One of Lesser’s strategies supporting his core strategy is “environmental shaping”, which involves exposing sponsors of terrorism to global scrutiny and isolation; shrinking the “zones of chaos and terrorist sanctuary; including counterterrorism as an integral component of strategic alliances; limiting global exposure; and targeting terrorist networks and funding. His “hedging strategy” involves hardening key policies and strategies to limit risks of terrorism, increasing ground and space-based surveillance of terrorist resources, and preparing to mitigate the effects of terrorism to limit negative effects.
Kress and associates reiterate the first component of Lesser’s core strategy in offering their proactive approach to dealing with terrorism; specifically, addressing “genuine political injustice” and resolving “supposed injustices”. Chalk contends that a state response to terrorism must be “limited, well-defined and controlled” to avoid compromising “the political and civil traditions that are central to the liberal democratic way of life”. He suggests that “any liberal democratic response to terrorism has to rest on one overriding maxim: a commitment to uphold and maintain constitutional principles of law and order”.
The long history of terrorism, dating as far back as ancient Greece, suggests that this phenomenon may never be eliminated as a tactic by those people or groups without sufficient formal legal power to achieve their goals. However, this does not imply that terrorism cannot be engaged proactively and reactively. Logically, it seems that the first step should be to agree on a universally-accepted definition for terrorism because, without a consensus on the meaning of the term, effectively addressing its causes and its effects may be difficult at best and impossible at worst.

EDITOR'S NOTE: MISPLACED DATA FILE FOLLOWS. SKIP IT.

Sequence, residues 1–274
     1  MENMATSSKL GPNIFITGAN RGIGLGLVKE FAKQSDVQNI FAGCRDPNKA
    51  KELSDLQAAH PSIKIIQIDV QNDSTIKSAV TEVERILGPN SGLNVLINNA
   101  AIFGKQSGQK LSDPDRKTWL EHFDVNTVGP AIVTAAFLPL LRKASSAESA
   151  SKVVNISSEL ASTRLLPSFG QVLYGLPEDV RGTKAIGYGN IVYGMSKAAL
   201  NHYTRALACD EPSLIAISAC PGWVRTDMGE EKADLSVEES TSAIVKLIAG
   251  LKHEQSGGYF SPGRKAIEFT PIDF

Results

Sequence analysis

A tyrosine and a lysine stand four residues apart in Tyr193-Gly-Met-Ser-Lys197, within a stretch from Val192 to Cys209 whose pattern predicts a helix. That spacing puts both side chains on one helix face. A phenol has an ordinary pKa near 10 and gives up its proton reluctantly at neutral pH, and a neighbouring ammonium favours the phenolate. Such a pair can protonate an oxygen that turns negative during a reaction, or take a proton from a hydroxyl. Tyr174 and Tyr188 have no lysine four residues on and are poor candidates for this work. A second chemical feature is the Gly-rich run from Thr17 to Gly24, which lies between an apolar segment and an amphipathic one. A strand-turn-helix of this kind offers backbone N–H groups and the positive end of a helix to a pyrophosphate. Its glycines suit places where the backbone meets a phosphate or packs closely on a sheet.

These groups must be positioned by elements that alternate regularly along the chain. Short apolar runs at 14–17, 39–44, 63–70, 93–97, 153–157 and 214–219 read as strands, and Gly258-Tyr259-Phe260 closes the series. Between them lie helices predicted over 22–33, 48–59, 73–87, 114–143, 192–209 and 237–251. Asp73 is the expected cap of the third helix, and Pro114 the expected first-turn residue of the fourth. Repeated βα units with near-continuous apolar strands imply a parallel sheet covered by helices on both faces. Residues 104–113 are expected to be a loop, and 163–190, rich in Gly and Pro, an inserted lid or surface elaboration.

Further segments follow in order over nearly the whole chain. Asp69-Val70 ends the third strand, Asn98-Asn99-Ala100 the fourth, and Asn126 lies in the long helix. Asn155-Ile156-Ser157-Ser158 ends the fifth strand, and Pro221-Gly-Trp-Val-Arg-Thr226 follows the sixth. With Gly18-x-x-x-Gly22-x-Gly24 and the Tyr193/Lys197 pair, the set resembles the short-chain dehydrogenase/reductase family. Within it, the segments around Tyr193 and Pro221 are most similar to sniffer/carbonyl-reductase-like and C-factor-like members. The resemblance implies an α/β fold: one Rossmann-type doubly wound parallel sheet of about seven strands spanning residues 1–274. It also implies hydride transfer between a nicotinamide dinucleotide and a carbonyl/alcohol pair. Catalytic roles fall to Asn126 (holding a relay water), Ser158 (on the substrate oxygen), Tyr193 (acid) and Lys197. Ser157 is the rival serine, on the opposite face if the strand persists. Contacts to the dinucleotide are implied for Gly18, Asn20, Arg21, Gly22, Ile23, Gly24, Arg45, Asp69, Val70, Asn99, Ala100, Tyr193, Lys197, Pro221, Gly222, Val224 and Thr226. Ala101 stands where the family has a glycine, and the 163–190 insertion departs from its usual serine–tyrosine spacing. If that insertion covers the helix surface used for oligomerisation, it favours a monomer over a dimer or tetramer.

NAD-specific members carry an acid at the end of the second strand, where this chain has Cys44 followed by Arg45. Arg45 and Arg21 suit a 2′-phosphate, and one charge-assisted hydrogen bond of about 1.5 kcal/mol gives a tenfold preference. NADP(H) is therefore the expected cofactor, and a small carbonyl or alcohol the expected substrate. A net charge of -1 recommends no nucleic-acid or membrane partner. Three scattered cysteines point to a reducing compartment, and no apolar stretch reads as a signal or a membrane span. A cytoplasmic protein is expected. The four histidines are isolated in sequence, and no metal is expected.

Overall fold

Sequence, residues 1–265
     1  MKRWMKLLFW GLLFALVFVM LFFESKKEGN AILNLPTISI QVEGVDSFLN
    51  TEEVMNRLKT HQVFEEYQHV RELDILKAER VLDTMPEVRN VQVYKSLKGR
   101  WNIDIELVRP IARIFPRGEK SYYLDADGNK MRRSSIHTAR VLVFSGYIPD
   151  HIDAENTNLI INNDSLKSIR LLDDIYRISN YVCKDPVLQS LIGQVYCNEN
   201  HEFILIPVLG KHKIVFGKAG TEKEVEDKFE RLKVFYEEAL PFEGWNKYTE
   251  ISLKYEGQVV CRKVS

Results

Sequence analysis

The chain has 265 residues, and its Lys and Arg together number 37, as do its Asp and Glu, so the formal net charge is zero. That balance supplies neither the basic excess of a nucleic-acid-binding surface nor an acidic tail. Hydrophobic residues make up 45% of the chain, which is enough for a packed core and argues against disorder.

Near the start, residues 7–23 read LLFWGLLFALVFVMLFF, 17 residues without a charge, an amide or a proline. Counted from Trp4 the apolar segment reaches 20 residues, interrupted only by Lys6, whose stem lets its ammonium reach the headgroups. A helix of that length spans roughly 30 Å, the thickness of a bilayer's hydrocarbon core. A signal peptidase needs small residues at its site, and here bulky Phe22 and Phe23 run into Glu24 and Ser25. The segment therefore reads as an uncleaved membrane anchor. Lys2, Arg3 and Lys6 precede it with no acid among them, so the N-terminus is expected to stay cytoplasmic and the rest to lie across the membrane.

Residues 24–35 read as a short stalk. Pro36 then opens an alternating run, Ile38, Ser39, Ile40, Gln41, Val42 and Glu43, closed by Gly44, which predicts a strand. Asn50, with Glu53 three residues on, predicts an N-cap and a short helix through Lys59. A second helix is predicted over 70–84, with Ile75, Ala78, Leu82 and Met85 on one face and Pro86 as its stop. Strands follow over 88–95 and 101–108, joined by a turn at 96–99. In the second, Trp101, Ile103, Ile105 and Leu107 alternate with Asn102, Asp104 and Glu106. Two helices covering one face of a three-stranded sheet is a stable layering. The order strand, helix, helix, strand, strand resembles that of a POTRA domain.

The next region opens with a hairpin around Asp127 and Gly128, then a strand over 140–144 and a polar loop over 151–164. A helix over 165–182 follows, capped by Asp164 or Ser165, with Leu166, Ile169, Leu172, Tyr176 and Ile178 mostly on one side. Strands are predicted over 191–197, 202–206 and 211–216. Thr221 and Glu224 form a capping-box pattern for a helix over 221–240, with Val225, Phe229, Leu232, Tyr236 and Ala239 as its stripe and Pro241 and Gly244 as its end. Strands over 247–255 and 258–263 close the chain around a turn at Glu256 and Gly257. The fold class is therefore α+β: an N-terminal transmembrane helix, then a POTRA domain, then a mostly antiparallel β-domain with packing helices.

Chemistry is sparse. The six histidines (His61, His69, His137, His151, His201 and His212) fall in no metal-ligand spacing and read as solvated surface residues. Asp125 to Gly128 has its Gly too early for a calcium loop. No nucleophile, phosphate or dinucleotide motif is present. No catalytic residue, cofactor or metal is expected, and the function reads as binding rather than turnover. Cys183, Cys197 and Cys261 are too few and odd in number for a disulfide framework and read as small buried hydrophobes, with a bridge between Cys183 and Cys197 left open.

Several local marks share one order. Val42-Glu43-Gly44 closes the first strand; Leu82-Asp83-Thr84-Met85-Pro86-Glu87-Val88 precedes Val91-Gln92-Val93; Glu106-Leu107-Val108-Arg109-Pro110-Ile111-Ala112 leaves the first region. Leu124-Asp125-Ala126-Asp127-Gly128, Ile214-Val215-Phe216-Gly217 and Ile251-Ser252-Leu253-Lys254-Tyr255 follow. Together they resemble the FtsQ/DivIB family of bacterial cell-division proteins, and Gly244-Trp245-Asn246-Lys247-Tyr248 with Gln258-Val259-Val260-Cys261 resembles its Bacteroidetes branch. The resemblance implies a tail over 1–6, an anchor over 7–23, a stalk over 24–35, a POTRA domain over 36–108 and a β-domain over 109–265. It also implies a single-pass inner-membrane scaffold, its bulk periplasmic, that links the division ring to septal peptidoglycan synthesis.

With a consensus definition in hand, the comprehensive strategy for dealing with terrorism proposed by Lesser – reduction in systemic causes, deterrence, “superterrorism” risk reduction, and retaliation – would appear to offer the most balanced, effective approach. Today’s leaders should realise that offensive and defensive military action, so typical of traditional warfare, is quite ineffective as a sole method for dealing with modern forms of terrorism as demonstrated by failures experienced by Israel in dealing with the Palestinian terrorist problem and the greater-than-expected difficulties experienced by the United States, the United Kingdom, and others in ridding the world of radical Islamic terrorists. These efforts may not only fail to ultimately deal effectively with preventing terrorist activities, but may also produce more terrorists who are offended by military actions. Alternatively, a holistic approach – one which includes proactive prevention and reactive punishment measures such as the approach advocated by Lesser – should be employed.
In any solution to the global problem of terrorism, the cautionary advice offered by Peter Chalk should be considered; that is, political and civil liberties should not be sacrificed in responding to the terrorist threat. For the very way of life the governments of free societies are trying to protect in their attempts to combat terrorism could be compromised by actions that are not limited, well-defined and controlled. Interestingly, this thought was eloquently proffered more than two centuries ago by American inventor, journalist, printer, and statesman Benjamin Franklin in warning that “[t]hose who would give up essential liberty to purchase a little temporary safety, deserve neither liberty nor safety.”
The recommendation, then, is to deal with terrorism in a holistic, balanced manner stressing proactive and reactive measures whilst preserving political and civil liberties.